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KK has run his race.

Zambia is in mourning for her founding father and first President, Dr Kenneth David Buchizya Kaunda who died yesterday at the age of 97.

Dr Kaunda died at the Maina Soko Medical  Centre in Lusaka where he was admitted on Sunday.

And in his death, Zambians from all walks of life are mourning the passing of their very own statesman and national icon who was always an inspirational figure.

In his honour and memory, Government has declared 21 days of national mourning effective yesterday. Secretary to Cabinet, Dr Simon Miti announced Dr Kaunda’s death yesterday in a televised address to the nation.

Dr Kaunda’s son Kambarage Kaunda also confirmed in a Facebook post, “…I’m sad to inform, we have lost “Mzee.” Let’s pray for him…”

Zambians will remember the country’s founding father as a man who lived for his nation.

With other young nationalists, Dr Kaunda spearheaded the independence struggle against British colonial rule and the hated Federation of Rhodesia and Nyasaland that led to independence on October 24, 1964.

Few Zambians really know that he was also Zambia’s first African Prime Minister.  This was after the 1962 elections in which he stood as a UNIP candidate.

It resulted in an uneasy coalition with the African National Congress (ANC) take power in the legislature.  It was a bold move as the two parties agreed to share power and ensure they had a majority.

The Federation of Rhodesia and Nyasaland was dissolved at the end of 1963 and, a month later, Kaunda was elected prime minister of Northern Rhodesia. The country, renamed as Zambia at independence.

Dr Kaunda steered the country through some of its most tumultuous period as Zambia became a bastion for the liberation movements from Angola, Mozambique, South Africa, Namibia (South West Africa) and Zimbabwe (Rhodesia).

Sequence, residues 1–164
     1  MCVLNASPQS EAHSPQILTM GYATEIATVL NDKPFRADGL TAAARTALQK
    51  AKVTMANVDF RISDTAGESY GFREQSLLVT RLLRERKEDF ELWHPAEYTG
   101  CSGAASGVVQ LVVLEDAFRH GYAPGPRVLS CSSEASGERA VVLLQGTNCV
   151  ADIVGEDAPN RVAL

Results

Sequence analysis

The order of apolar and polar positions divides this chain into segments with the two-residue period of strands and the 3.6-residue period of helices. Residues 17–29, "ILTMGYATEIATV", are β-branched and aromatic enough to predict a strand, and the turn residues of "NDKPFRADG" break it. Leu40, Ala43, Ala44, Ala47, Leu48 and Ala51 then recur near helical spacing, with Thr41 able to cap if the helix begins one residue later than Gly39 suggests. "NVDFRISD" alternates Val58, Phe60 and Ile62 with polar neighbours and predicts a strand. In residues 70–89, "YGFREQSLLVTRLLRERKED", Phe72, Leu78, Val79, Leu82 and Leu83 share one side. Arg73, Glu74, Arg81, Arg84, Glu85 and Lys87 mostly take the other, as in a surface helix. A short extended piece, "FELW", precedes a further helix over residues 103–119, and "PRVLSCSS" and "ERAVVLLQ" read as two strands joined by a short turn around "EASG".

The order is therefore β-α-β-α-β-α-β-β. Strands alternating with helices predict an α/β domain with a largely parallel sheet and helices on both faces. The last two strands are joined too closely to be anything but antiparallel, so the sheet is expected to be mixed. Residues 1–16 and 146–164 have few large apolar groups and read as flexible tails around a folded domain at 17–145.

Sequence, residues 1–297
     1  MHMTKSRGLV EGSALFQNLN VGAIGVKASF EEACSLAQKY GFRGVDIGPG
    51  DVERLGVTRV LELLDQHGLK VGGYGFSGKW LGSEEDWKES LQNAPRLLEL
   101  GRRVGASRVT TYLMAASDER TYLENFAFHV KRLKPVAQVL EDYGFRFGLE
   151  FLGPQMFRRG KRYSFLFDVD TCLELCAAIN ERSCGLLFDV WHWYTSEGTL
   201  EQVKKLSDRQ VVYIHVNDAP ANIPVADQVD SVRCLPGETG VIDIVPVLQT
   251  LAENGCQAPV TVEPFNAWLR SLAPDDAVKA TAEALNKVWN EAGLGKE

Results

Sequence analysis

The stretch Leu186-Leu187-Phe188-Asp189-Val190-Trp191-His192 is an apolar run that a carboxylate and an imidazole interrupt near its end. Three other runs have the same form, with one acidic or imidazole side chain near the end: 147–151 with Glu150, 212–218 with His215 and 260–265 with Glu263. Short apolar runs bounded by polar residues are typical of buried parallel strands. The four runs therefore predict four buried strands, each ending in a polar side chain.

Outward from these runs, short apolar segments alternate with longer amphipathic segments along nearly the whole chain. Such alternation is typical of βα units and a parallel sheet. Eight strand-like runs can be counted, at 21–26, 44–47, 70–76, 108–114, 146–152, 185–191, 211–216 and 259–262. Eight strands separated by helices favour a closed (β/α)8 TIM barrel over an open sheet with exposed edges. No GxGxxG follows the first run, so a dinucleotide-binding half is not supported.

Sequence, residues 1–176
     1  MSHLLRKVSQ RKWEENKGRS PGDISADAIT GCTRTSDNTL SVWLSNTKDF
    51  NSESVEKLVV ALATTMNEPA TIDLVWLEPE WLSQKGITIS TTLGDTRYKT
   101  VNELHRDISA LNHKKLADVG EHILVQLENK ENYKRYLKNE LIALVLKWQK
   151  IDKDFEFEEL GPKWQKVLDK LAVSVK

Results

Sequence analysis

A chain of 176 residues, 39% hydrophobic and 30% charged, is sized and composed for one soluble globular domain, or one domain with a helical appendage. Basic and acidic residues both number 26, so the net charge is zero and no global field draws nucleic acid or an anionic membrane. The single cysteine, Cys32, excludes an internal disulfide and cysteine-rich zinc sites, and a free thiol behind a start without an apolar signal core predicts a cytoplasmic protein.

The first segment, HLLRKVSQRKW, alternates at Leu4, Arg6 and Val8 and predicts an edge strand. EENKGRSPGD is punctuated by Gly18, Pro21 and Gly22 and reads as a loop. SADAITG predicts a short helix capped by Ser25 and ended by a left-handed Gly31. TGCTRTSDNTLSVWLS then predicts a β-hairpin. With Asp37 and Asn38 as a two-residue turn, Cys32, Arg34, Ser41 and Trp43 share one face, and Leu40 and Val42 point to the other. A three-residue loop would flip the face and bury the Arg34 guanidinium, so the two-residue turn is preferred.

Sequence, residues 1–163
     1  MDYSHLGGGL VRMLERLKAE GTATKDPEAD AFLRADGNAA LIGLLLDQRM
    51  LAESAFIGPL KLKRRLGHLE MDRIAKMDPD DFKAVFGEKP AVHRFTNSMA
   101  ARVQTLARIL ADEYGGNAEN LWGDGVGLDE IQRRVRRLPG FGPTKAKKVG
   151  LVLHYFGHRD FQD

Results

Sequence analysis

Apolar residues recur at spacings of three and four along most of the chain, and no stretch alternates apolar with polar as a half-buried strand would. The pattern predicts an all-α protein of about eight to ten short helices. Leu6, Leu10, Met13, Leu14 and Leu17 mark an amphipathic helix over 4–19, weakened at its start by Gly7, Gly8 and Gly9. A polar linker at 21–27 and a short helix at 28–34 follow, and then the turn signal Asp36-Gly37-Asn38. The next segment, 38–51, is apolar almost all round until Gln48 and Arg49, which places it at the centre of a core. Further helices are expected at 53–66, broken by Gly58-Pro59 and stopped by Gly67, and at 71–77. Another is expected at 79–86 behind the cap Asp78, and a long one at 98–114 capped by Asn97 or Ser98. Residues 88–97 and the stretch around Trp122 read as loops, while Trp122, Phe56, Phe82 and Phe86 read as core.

As a frontline state, the country suffered military invasions and bombardments from the minority regimes and disrupted its ecomomic growth.

But to his credit, Zambia still managed to invest in infrastructure, particularly in education.  The University of Zambia came into being and secondary schools were constructed throughout the country.

And to reduce dependence on the White-dominated south, the Tanzania Zambia Railway was

Dr Kaunda will best be remembered for having respected the will of the people by scrapping the one-party state that he introduced in 1973 to allow for multi-party politics that ultimately ushered into office the Movement for Multi-party Democracy under Frederick Chiluba in 1991.

After retiring from active politics, he devoted his life to fighting HIV/AIDS that also claimed one of his children.

There are not enough words to describe Dr Kaunda’s influence on Zambians and the nation can never find enough words to thank him for all his service.

We are comforted however that you have left us a nation that all should hold dear.

But as President Edgar Lungu said, “You have gone at a time we least expected but we are comforted that you are now with Our Father, God Almighty in heaven.”

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